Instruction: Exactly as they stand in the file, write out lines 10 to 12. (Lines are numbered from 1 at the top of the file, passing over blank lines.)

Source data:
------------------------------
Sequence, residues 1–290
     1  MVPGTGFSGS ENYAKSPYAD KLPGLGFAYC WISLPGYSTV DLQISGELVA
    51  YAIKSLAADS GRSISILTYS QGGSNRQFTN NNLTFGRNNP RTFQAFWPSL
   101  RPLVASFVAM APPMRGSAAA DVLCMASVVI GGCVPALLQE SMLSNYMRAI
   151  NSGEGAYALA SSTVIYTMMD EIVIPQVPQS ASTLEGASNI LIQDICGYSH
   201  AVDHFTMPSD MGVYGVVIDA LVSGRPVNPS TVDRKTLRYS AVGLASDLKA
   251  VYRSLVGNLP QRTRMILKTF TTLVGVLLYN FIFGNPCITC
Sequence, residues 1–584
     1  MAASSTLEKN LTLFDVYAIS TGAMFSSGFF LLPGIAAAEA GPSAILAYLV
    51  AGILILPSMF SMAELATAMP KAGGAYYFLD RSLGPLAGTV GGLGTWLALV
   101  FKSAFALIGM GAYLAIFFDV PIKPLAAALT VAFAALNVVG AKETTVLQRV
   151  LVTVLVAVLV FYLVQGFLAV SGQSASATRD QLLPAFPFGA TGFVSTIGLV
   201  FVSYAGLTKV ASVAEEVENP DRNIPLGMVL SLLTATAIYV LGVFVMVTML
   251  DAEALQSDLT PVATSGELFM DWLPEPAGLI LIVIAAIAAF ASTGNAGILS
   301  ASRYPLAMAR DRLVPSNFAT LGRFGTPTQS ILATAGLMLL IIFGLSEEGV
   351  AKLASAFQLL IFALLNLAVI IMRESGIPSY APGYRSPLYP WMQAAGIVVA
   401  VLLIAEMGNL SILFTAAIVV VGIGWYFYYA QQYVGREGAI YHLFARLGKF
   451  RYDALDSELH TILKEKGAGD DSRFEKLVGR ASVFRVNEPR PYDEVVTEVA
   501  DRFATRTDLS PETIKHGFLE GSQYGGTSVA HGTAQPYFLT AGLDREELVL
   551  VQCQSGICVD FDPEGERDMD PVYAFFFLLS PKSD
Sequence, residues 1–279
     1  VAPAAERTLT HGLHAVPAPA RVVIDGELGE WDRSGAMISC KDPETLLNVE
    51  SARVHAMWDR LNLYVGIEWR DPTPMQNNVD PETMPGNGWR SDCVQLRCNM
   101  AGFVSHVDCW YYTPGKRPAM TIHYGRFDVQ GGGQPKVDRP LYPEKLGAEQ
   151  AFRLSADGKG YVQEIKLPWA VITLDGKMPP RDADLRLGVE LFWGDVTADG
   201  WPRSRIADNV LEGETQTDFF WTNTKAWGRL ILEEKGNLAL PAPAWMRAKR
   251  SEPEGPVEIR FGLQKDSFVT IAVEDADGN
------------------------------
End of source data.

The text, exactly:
    51  AGILILPSMF SMAELATAMP KAGGAYYFLD RSLGPLAGTV GGLGTWLALV
   101  FKSAFALIGM GAYLAIFFDV PIKPLAAALT VAFAALNVVG AKETTVLQRV
   151  LVTVLVAVLV FYLVQGFLAV SGQSASATRD QLLPAFPFGA TGFVSTIGLV